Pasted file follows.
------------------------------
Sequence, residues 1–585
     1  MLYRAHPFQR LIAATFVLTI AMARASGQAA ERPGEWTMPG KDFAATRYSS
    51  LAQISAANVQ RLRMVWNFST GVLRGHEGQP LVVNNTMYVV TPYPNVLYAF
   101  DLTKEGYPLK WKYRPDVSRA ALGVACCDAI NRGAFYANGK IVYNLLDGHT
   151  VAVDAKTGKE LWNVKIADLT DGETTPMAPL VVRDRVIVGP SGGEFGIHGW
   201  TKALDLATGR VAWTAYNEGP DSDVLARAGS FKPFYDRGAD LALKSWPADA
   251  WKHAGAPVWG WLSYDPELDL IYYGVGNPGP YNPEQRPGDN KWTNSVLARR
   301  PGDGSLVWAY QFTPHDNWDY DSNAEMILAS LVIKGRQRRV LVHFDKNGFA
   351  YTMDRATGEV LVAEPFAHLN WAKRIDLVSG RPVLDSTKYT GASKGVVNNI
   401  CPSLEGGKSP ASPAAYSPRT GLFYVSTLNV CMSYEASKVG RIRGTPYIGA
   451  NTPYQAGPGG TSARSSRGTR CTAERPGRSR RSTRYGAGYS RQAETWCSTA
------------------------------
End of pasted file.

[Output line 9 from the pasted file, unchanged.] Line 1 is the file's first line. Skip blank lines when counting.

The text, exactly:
   351  YTMDRATGEV LVAEPFAHLN WAKRIDLVSG RPVLDSTKYT GASKGVVNNI